Torque Converter and Torque Repair Guide for Dummies

Published: 15th July 2010
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Torque converters have 5 specific functions for a vehicle:

· A converter provides multiple torques generated by the engine.
· It serves as an automatic clutch that transmits engine torque to the transmission.
· It absorbs torsional vibration of the engine and drivetrain.
· A transmission torque converter smoothes out the engine's rotation.
· It drives oil pump of the hydraulic control system.

Transmission fluid provides the converter the high performance power to do its job for fluid coupling. A torque converter has three major components: the pump impeller, turbine runner, and the stator. Any damage on these three converter parts means immediate torque repair.

Torque repair for this parts require some information on their individual functions. First off is the converter impeller. The impeller guides the fluid throughout the vanes and out onto the turbines. As it increases speed, the force it creates gets the fluid moving towards the turbine. When the impeller gets rusty or becomes simply worn out, torque repair vendors would generally replace the part for better and higher performance. This is the reason why fluid for the converter has to be regularly checked so that everything is well lubricated to move smoothly.

The turbine is an essential component of the transmission torque converter. The input shaft of the transmission is attached by splines to the turbine hub when the converter is mounted to the transmission. The fluid that is transmitted by the impeller is caught by the cup-shapes on the turbines, which transfers torque to the transmission input shaft. Damage to this major converter part usually means total replacement of the whole torque converter.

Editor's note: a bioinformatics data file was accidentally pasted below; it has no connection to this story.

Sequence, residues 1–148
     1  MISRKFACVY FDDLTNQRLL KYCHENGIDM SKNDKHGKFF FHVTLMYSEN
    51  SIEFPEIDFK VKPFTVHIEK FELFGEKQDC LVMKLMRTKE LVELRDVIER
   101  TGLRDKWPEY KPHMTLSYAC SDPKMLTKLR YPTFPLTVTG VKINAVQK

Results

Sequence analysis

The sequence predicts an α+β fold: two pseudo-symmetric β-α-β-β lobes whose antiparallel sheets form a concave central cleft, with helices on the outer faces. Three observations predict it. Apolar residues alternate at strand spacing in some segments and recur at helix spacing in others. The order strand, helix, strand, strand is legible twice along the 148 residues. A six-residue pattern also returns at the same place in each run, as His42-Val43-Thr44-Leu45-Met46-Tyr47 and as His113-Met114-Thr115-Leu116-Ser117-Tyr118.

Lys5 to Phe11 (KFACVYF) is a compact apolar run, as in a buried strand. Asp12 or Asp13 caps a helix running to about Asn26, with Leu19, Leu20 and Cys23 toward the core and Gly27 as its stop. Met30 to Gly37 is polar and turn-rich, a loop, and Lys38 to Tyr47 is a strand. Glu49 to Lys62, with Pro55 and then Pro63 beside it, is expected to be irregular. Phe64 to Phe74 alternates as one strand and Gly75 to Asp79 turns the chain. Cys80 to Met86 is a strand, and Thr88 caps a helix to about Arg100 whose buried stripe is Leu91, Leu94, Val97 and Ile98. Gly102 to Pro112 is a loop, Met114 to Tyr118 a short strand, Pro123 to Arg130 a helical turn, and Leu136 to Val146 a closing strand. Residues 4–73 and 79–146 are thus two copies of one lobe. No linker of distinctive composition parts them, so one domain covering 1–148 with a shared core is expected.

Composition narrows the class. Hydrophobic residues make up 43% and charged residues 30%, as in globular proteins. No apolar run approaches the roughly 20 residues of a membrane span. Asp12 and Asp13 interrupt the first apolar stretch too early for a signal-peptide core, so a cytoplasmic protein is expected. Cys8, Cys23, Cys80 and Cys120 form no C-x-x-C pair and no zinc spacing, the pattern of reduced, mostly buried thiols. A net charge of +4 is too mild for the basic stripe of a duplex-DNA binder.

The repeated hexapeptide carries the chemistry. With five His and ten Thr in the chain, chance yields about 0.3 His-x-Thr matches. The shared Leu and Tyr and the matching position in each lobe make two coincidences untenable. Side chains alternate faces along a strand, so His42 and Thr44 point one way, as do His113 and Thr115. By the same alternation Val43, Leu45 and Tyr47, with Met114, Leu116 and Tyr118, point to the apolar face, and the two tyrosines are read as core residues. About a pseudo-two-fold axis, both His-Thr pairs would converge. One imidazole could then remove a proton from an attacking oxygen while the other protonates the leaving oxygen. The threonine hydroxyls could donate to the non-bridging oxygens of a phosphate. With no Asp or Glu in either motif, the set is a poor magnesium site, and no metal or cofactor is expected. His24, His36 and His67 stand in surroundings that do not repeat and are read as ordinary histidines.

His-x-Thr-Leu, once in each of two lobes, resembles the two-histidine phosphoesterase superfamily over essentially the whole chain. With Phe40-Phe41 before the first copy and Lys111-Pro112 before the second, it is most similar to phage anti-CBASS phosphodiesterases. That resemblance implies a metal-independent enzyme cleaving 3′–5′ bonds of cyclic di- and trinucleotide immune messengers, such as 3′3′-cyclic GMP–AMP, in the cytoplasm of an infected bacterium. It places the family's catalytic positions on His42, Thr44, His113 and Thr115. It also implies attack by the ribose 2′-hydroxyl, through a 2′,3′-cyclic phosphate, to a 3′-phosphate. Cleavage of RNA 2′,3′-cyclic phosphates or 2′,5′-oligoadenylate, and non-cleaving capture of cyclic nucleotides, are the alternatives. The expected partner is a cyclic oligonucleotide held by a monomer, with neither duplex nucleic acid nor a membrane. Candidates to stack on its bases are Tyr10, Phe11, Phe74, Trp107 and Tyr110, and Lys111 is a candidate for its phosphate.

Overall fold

A non-major but essential converter part is the torque converter clutch. It is an electronic clutch that will engage the engine and drivetrain 100%. Although the torque converter clutch is not part of the engine, it can make the car feel like the engine has a problem. The torque converter clutch is also known as a lock up converter. The lockup clutch has many purposes and is part of the transmission. A regular converter in an automatic transmission is made to slip at idle so that the car doesn't move. As the accelerator is pressed the RPM's raise and the torque converter will start to lockup or engage. When the converter engages the car will move. Even though the torque converter is engaged it never completely engages the way a manual transmission car clutch will. It will always slip a little, which is not very efficient. This is why a manual transmission car gets better gas mileage and has more power than an automatic transmission car. High performance should be expected of a converter is the clutch is also well kept.

The stator is located between the impeller and the turbine. The vanes of the stator catches the transmission fluid and redirects it so it strikes the back of the impeller which gives it another boost or torque. Stator clutch seizure, a common problem for this converter part, requires either complete torque rebuild or you'll have to install new torque converters. If you experience stator converter breakage, then the vehicle won't be able to move at all so have this part checked in such circumstances.

Ameritorque is a torque converter vendor that provides torque converter installation, torque rebuild, and torque repair for all your converter needs. They are also torque remanufacturers that rebuild old converters into functional ones. They service the areas of Tampa, Brandon, St Petersburg, Clearwater, Lakeland, Hillsborough, Pinellas, Pasco, and Polk.

3023 W Hillsborough Ave
Tampa, FL 33614
Phone: (813) 876-3795
Fax: (813) 353-3851

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